Elderflower: The Oldest Cultivated Herb

Elder is the tree that produces both the elderflower and the elderberry. It has been in use since the Stone Age. Hippocrates and Dioscorides wrote about it, and so did Pliny.

According to the superstitions of 17th century England, elder trees were able to ward off evil. In addition, a tincture made from elderflowers was thought a cure for a vast range of illnesses ranging from plague to toothache.

Elder trees grew in the New World as well and the flowers were widely used by Native Americans. One of their uses for the elderflower was as a drug for inducing perspiration. They would make a hot tea of the flower when using it for this purpose. The Mohegan people used elderflower tea to provide relief to infants suffering from colic and the Menominee tribe used it to reduce fevers.

Elderflower was used throughout the 18th, 19th and early 20th centuries as both a medicine and a flavoring. These days you can find extracts of elderflowers at health food stores and online.

Elderflower flavor profile

Elderflower’s flavor is best described as deeply floral with notes of citrus and vanilla. The taste has been likened to several aromatic fruits including passion fruit and pears. Some have likened their aroma to that of Muscat grapes as well. It is subtle and not overpowering but fragrant in a way that makes it suitable for beverages.

Benefits of elderflower

Elderflower is a rich source of various compounds that have anti-inflammatory, antibacterial and even anti-cancer properties. The compounds include:

  • Flavonols: Elderflower contains antiviral flavonols like quercetin and anthocyanins.
  • Chlorogenic Acid: Cinnamic acid and the other acids in this group can help with a range of conditions including high blood glucose and allergies.
  • Triterpenoids: Terpenes have anti-cancer and analgesic benefits as well as being effective anti-cancer agents.
  • Antioxidants: The quercetin in elderflowers is a potent antioxidant that can help to protect your body from oxidative stress. In addition, elderflowers contain vitamin C, and that helps to promote skin health along with the health of your blood vessels and ligaments.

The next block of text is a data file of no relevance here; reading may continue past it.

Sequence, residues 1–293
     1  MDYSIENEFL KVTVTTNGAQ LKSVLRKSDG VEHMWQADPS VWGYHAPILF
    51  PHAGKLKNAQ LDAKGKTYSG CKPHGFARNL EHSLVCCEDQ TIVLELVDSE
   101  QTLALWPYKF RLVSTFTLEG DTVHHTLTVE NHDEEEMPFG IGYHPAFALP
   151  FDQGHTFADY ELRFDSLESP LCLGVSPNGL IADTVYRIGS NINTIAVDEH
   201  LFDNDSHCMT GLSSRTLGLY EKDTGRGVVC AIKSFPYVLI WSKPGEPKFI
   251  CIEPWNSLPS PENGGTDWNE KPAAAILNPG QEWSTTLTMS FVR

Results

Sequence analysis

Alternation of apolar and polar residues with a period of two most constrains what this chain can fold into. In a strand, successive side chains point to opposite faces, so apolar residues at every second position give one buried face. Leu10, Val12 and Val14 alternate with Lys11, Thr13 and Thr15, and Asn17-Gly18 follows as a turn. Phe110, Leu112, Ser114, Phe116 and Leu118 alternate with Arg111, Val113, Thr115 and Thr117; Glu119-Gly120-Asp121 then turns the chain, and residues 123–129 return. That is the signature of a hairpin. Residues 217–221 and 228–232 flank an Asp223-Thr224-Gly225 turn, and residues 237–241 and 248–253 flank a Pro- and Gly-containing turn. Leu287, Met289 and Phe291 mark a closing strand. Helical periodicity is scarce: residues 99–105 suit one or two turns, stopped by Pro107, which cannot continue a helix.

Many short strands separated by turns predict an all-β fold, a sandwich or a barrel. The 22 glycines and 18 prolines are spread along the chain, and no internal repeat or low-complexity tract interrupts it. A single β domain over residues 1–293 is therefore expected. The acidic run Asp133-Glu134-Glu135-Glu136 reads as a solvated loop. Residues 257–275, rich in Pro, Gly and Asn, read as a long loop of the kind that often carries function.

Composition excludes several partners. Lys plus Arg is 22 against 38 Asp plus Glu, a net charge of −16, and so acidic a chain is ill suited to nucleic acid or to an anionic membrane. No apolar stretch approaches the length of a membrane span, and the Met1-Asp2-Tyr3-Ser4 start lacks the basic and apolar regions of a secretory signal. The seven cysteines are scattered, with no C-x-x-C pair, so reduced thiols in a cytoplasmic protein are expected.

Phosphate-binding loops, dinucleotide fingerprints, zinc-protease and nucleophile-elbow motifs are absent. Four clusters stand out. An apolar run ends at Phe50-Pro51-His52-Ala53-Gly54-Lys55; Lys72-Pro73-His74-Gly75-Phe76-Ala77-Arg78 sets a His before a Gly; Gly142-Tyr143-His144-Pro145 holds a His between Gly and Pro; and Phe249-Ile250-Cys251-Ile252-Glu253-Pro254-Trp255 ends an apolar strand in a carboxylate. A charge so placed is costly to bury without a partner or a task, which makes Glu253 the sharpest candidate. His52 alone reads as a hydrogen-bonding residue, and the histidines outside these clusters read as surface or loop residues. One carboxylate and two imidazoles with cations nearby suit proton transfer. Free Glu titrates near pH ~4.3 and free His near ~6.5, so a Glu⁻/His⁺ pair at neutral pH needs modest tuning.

Elderflower can be used to treat conditions such as:

  • Flu: This is one of its oldest uses and recent studies have found that an extract from elderflower is indeed effective for combating flu symptoms.
  • High Cholesterol: The quercetin contained in elderflowers has been shown to lower cholesterol levels.
  • Methicillin-staphylococcus aureus (MRSA) infections

Research has shown that elderflower extract is effective for eliminating a variety of common hospital infections including MRSA.

Common uses of elderflowers

Elder is said to be humankind’s oldest cultivated herb and therefore there are numerous ways to use it. One popular way is to make elderflower cordial. The cordial is made with fresh elderflowers and lemons as well as sugar and water. You can use it to make a refreshing drink by adding it to club soda.

You can also use elderflower cordial as a sauce by drizzling it over creamy desserts. When added to rhubarb or gooseberry tarts, elderflowers can infuse the dessert with a sweet and floral scent. You can add elderflowers to muffin and cake batters to serve the same purpose.